A sports car zoomed around the corner on two wheels sending a spray of water up in its wake that doused her completely. Although it was summer, the storm cooled air against her now totally drenched body made her shiver.

She should get back. The last thing she needed was to come down with pneumonia.

Had she not turned around at that very moment, she would never have known...or perhpas it would be more accurate to say, she would not have known until it was too late.

He was not far...had he been there a moment ago? She did not think so.

He was leaning, casually, against the door-frame of one of the stores along the main concourse. His eyes glittered in the dim light, much the way the eyes of a jack'o'lantern would glitter from the candle's flame within...But there was nothing hollow about the shadowed silhouette in the door frame. The golden eyes were attached to a very solid, very real man-creature.

A tremor orbited through her that had nothing to do with the icy tendrils caused by the wind against her wet skin. For one seemingly eternal moment, she froze. Just as quickly as her body went rigid, her mind began chastising her for her fooilishness. He's a man, nothing more, nothing less, and she was not without ample skills to protect herself against anything a man might try.

Squaring her shoulders, she placed one foot in front of another, ever conscious of the shadow framed by the storefront. He did not move. She wasn't even certain he breathed, but  sticking around to find out, out of the question.

Still she refused to give in to fear and run. Each step seemed to take forever, and brought her closer to where he stood. The closer she got, the more the air seemed to be permeated with a raw animal musk scent that set every one of her nerve endings on high alert.

She was almost past him when a hand...or a claw, reached out and in one continuous move, pulled her hard against raw, solid strength. She would have least she was fairly certain she would have screamed, but his pelt covered muzzle came down crushing her lips, forcing them open, claiming her mouth with a determination that stole her strength. Her knees began shaking, and her body quiver. There would be no escape.

Without breaking his assault upon her mouth, his free hand...claw?...reached down and tore the cape and blouse open. The claw, it had to be a claw, began cupping the supple flesh beneath.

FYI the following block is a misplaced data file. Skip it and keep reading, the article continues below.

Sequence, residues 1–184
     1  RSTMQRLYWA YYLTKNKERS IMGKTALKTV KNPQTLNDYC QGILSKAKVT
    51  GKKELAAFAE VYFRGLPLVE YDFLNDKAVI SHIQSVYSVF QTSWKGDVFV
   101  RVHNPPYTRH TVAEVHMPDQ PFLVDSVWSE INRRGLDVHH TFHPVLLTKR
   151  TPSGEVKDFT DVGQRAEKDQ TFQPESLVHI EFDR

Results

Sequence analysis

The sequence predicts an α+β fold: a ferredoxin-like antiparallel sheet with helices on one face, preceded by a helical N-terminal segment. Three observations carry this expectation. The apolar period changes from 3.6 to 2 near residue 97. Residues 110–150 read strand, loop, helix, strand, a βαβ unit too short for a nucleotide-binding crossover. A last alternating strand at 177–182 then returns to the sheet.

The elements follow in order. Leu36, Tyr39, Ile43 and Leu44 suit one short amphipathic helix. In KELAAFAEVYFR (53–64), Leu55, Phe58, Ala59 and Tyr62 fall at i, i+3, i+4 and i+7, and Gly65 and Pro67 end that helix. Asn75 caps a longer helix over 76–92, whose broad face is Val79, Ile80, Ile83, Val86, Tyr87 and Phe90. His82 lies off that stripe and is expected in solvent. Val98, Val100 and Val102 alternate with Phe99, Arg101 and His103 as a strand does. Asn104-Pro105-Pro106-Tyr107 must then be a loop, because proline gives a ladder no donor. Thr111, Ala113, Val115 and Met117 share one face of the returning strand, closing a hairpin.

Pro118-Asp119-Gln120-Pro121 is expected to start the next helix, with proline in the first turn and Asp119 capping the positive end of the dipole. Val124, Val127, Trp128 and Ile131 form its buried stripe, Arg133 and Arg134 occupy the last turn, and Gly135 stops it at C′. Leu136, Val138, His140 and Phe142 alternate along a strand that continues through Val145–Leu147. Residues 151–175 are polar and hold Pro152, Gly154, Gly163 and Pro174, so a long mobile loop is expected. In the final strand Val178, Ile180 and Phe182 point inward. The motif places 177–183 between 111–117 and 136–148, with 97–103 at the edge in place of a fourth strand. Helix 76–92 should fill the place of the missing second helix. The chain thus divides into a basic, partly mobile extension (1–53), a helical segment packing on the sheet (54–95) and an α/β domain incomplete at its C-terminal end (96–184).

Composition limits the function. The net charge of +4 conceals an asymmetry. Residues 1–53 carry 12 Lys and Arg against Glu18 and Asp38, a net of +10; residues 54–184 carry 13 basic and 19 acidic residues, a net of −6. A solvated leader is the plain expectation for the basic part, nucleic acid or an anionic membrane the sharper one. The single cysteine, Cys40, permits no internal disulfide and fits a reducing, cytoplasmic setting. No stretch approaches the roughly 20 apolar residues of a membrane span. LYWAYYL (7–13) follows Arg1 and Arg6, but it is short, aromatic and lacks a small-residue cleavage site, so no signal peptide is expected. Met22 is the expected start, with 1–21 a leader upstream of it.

Fire began licking her in places the beast was not exploring, deep in her womb and it spread.

Dear God, she thought frantically, this...creature...was making her climax, right here, standing in the pouring rain, her blouse in shreds, her lips swollen and her nipples tender and hot.

Without breaking stride he tore her skirt, again with one rip. Before she could try to squirm, he arched his body and with one powerful thrust, entered her deeply, completely.

She wanted to cry out...whether in fury or in ecstasy she couldn't be sure. Her body felt like a living blue flame, the hottest element within a fire, and it was moving through her like a furnace.

Rapidly he moved, this primal creature, mastering her with the sheer force of his control.

Lightning lit up the sky and thunder boomed at the exact moment he tipped her over the edge and her life erupted from her.

Death had come.

She awakened the next morning in her bed. Beside her, her legend slept deeply. It had been a long night for them, competing with the fury of Nature's temper. How she loved stormy nights when her beast came out to ravage and devour her over and over again.

A smile played on her lips. They were calling for another storm tomorrow night...Mmmmm she would have to make sure to repair, wash and make ready her "Lady in the Night" togs again.